Estimated 168,000 households priced out of Portland area real estate market in just 6 months
Prospective homebuyers are rapidly being pushed out of the housing markets, largely by mortgage interest rates that have doubled in the past six months.
Numbers published Tuesday by the Oregon Office of Economic Analysis showed that surging mortgage rates and rapidly increasing home values have made homes unaffordable for a growing swath of the population.
Josh Lehner, a state economist, estimated that at least 168,000 Portland Metro households have been priced out of the market since December.
And between other major Oregon cities like Salem, Eugene, Bend and Medford, another 69,000 households have been pushed out of the market in the same period.
Since the end of 2021, 30-year mortgage rates have climbed from 3% to just over 6%. Combined with price increases, Lehner wrote, the cost of a mortgage payment has increased 40% to 50% in the past few months.
As a result, less than 1 in 5 households in the Portland region can now afford to buy a home. It’s comparable in Eugene, Medford and Salem.
It’s even worse in Bend, Lehner said, where only about 1 in 10 households can afford to buy a home.
Lehner said the rapid escalation in mortgage rates in such a short period of time has made it difficult for the market to adjust.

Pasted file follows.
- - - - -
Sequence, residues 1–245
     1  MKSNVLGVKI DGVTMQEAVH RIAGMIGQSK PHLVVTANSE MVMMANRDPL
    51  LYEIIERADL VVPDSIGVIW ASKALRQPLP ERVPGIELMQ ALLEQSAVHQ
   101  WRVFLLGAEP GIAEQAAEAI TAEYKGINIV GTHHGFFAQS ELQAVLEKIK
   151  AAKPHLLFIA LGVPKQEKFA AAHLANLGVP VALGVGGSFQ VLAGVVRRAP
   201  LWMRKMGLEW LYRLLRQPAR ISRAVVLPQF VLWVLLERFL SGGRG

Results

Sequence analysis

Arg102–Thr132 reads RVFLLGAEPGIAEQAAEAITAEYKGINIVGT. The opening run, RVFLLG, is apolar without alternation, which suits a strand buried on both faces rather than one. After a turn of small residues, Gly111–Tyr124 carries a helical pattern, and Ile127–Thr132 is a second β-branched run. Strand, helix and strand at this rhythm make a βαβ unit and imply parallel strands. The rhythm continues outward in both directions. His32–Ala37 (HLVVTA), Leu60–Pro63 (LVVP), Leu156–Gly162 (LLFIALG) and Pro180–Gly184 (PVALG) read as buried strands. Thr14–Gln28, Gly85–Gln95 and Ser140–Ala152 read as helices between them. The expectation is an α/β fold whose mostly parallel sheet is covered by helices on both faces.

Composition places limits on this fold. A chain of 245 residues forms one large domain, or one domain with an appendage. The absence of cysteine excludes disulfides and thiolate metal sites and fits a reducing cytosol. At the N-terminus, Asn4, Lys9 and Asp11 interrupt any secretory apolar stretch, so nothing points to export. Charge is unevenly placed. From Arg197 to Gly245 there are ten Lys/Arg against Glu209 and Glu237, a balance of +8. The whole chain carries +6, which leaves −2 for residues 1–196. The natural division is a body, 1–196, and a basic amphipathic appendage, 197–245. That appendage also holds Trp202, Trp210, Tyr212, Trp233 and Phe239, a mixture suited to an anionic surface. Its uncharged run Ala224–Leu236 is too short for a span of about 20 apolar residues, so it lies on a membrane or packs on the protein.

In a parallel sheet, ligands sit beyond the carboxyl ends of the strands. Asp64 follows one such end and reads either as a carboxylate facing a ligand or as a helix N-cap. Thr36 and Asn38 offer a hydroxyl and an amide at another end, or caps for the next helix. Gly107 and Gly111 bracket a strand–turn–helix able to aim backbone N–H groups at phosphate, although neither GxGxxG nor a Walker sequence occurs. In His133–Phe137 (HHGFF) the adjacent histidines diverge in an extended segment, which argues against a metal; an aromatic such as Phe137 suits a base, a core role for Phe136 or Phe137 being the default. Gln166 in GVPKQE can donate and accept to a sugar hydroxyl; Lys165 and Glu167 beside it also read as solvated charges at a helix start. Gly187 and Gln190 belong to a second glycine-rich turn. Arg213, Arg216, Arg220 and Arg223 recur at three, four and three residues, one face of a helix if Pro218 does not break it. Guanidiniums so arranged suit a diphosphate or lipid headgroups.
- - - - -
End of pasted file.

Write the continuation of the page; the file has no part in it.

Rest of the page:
“It’s one thing if we went from 3% to 4% to 5% over the course of this year. I think the economy could have handled that,” Lehner said. “But 3% to 6% in about a six-month span, I think that is such a large increase over such a short amount of time that there are going to be repercussions.”
The decrease in affordability may have ripple effects in the housing market. It will likely lead to less demand to buy homes and an increase in the for-sale housing supply. Over the past few months, Portland has seen some of the lowest inventory of homes for sale on record.
Still, Lehner said, would-be homebuyers are likely to struggle to find affordable homes unless interest rates or prices start coming down.
Young and first-time homeowners will feel the greatest effect, he said, as they try to finance home purchases.
The high interest rates will drive more would-be homebuyers back to the rental market, Lehner said. But the Portland area is still in the grip of a rental shortage, too. Construction of new apartments has slowed even as rents have climbed.
It’s not yet clear whether the decrease in demand from homebuyers will lead developers to instead start building more rentals, Lehner said. But the construction of new homes are key to improving the situation for both renters and prospective owners.
“Our office’s long-standing concern is our lack of housing production,” Lehner wrote. “Worse affordability impacts Oregon’s households every day, and could slow future economic growth due to fewer people being able to move here and increase displacement risks.”